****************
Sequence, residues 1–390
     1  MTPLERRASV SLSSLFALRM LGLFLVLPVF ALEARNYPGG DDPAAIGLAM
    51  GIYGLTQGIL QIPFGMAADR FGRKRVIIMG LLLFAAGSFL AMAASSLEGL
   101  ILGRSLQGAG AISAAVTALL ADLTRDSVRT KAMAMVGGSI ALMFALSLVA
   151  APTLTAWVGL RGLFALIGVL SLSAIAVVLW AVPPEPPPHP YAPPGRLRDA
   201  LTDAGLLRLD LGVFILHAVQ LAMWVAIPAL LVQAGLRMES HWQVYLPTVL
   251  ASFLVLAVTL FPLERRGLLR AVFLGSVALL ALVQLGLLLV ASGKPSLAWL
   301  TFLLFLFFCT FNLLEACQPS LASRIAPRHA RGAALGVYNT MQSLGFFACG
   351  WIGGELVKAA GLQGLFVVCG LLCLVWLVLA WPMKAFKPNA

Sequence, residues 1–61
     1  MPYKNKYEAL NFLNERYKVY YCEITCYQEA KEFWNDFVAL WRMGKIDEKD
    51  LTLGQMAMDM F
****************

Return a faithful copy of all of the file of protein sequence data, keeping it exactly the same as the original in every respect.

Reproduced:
Sequence, residues 1–390
     1  MTPLERRASV SLSSLFALRM LGLFLVLPVF ALEARNYPGG DDPAAIGLAM
    51  GIYGLTQGIL QIPFGMAADR FGRKRVIIMG LLLFAAGSFL AMAASSLEGL
   101  ILGRSLQGAG AISAAVTALL ADLTRDSVRT KAMAMVGGSI ALMFALSLVA
   151  APTLTAWVGL RGLFALIGVL SLSAIAVVLW AVPPEPPPHP YAPPGRLRDA
   201  LTDAGLLRLD LGVFILHAVQ LAMWVAIPAL LVQAGLRMES HWQVYLPTVL
   251  ASFLVLAVTL FPLERRGLLR AVFLGSVALL ALVQLGLLLV ASGKPSLAWL
   301  TFLLFLFFCT FNLLEACQPS LASRIAPRHA RGAALGVYNT MQSLGFFACG
   351  WIGGELVKAA GLQGLFVVCG LLCLVWLVLA WPMKAFKPNA

Sequence, residues 1–61
     1  MPYKNKYEAL NFLNERYKVY YCEITCYQEA KEFWNDFVAL WRMGKIDEKD
    51  LTLGQMAMDM F